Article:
And the concept of democracy has corrupted the minds of these people. They think that democracy is some kind of magic wand. They don’t really want to understand the details and nuances of public policy, but they think all they have to do is to vote for the right people and make their country good. That does not work. And there is a another problem, and that is increasing prosperity, and I know you want to talk about Chile as well.

The problem is the more prosperous people become, the less they have, the more distractions they have, the more tired—the more intellectually tired—they are because they have nothing else to do in their lives. How much time can you spend drinking and watching the TV? And that is actually exactly when people go and they start creating troubles, that is exactly when revolutions happen. . . When prosperity increases, revolutions have a higher probability of happening, and that is exactly what is happening in Lebanon. It is not going to end well.

Maurice: Before we leave the Middle East, how about the situation with Saudi Arabia and Iran? Any comments?

Jayant: We always complain about why America enables a dictatorial government to stay in place in Saudi Arabia. I am actually completely on the side of America. This is one involvement America has got to do, and the problem is that if America leaves Saudi Arabia, Saudi Arabia is going to disintegrate. But worst of all, Iran will become the superpower in the Middle East, and compared to Iran, Saudi Arabia is a saint.

You have to have a presence in Saudi Arabia to make sure Iran behaves and does not develop nuclear weapons. And it is indeed America’s job, very charitably, and the rest of the world should thank America for it. It is indeed America’s job and the job of the rest of the world, to stop Iran from developing nuclear weapons, because they will develop it if they are not under pressure to not develop it, and that will be a massive nuisance for the world if they develop it. So everyone should thank America for doing charity work for the rest of humanity.

Maurice: Moving on to Kashmir. What is going on there?

Jayant: Kashmir is an interesting topic. It is a Muslim majority province, which was a part of what was the British Indian empire, and in 1947, when India and Pakistan became independent, Kashmir became an independent country. There were actually several other small, independent countries, which were subsequently subsumed by India and Pakistan, but Kashmir was left alone because it was a much bigger province, and at a certain point of time—I think sometime in late 1947 or ’48—Pakistani insurgents started to occupy Kashmir when Kashmiri king decided to merge with India.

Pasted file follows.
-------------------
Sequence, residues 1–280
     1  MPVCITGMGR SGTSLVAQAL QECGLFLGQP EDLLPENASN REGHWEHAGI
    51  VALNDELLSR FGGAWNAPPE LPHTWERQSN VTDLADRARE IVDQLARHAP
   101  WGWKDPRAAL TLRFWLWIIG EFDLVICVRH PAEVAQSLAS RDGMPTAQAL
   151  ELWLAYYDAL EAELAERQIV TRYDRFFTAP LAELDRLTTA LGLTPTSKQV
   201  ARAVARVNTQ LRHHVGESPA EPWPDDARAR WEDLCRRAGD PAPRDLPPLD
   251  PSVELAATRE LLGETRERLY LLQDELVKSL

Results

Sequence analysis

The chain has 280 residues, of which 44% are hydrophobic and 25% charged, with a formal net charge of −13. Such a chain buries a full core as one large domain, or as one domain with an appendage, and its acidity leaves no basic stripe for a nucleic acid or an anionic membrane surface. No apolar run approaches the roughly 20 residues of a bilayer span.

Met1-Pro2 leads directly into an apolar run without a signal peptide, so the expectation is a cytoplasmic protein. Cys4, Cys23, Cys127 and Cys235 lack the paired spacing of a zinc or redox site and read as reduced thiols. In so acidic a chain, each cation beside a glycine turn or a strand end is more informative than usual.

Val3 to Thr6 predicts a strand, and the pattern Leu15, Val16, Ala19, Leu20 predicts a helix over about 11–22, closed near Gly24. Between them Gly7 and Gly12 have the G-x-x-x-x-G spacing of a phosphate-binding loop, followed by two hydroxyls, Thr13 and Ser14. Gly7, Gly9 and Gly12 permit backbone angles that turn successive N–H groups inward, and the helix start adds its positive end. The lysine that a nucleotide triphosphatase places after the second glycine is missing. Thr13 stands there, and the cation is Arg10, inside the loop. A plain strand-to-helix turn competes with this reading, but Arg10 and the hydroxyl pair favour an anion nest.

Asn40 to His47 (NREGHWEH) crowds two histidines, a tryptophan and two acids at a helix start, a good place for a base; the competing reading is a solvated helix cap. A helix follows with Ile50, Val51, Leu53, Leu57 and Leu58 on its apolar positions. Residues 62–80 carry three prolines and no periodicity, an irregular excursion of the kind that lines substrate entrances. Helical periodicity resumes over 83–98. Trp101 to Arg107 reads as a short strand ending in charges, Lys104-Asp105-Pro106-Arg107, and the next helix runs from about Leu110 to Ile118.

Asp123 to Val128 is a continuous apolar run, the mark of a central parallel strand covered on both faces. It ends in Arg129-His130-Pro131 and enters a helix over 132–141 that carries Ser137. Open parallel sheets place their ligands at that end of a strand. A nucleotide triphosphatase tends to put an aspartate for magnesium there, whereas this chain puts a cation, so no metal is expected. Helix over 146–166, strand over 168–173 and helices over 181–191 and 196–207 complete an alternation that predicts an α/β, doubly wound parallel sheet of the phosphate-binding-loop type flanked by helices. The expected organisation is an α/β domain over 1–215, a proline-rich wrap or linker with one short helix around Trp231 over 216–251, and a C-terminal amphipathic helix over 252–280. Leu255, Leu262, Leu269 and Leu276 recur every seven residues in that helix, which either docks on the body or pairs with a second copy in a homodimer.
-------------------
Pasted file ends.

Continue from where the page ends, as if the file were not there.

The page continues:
Now, here is the problem. The Kashmir [were a] Muslim majority and the king was a Hindu king, and that creates this strange problem between India and Pakistan, because Pakistan thinks that Kashmir legitimately belongs to Pakistan, and India thinks Kashmir belongs to India. Now, when Kashmir was incorporated into India, the understanding was that Kashmir would stay a special place within India, which means that Kashmir will have its own constitution and own flag. In August this year, Indian government removed that specialist status for Kashmir, and incorporated that fully into India.

And I have to say that every time I have talked with you in the last five years, I have talked about how bad the situation in India is, and how bad Modi is. And I will continue to say that, because Modi is an evil, horrible person for India, and India is getting degraded continuously. But at the same time, I must praise what he has done in Kashmir, because Kashmir has been suffering terrorism throughout these decades. And there was actually an expulsion of Hindus from Kashmir in 1990 under the supervision of Indian government, which was absolutely crazy, because a Hindu majority country allowed Hindus to be torn out of Kashmir in 1990.

So what Modi is doing is that he’s trying to restrict this control terrorism that has been happening in Kashmir, and Pakistan clearly is a big supporter of terrorism. And so Modi, by trying to fully incorporate Kashmir into India, is trying to reduce that problem. My view is that he will fail; my view is it will not work out. [The] Kashmir problem will become much worse, but someone had to do something, and that’s what Modi is doing.

Maurice: Let’s shift the narrative on to South America, where there are riots ongoing as we speak right now in Chile. What has your attention there?

Jayant: As you know Maurice, I completely dislike democracy. Democracy is the worst concept possible to govern a country. Augusto Pinochet, now, he had his own negative sides, but he tried to bring sanity to Chile. Chile would not have been what it is today without Pinochet. Now, Pinochet is seen as a negative character, but you have to remember that Pinochet came into power in Chile exactly when Marxists were trying to take over Chile.